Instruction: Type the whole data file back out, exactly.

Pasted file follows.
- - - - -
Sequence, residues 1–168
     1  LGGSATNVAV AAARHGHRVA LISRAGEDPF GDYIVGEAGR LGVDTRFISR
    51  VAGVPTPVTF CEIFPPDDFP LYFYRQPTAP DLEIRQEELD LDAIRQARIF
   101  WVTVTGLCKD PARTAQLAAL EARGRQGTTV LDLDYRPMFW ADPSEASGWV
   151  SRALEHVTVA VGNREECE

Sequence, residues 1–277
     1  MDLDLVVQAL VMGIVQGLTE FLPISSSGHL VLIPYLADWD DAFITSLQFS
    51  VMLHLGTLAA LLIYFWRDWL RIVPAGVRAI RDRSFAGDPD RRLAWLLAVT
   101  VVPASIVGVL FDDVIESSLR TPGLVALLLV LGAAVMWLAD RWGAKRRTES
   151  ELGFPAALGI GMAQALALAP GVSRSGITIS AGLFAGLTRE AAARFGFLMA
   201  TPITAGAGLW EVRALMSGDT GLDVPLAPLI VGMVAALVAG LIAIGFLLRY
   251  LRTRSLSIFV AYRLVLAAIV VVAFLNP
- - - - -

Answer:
Sequence, residues 1–168
     1  LGGSATNVAV AAARHGHRVA LISRAGEDPF GDYIVGEAGR LGVDTRFISR
    51  VAGVPTPVTF CEIFPPDDFP LYFYRQPTAP DLEIRQEELD LDAIRQARIF
   101  WVTVTGLCKD PARTAQLAAL EARGRQGTTV LDLDYRPMFW ADPSEASGWV
   151  SRALEHVTVA VGNREECE

Sequence, residues 1–277
     1  MDLDLVVQAL VMGIVQGLTE FLPISSSGHL VLIPYLADWD DAFITSLQFS
    51  VMLHLGTLAA LLIYFWRDWL RIVPAGVRAI RDRSFAGDPD RRLAWLLAVT
   101  VVPASIVGVL FDDVIESSLR TPGLVALLLV LGAAVMWLAD RWGAKRRTES
   151  ELGFPAALGI GMAQALALAP GVSRSGITIS AGLFAGLTRE AAARFGFLMA
   201  TPITAGAGLW EVRALMSGDT GLDVPLAPLI VGMVAALVAG LIAIGFLLRY
   251  LRTRSLSIFV AYRLVLAAIV VVAFLNP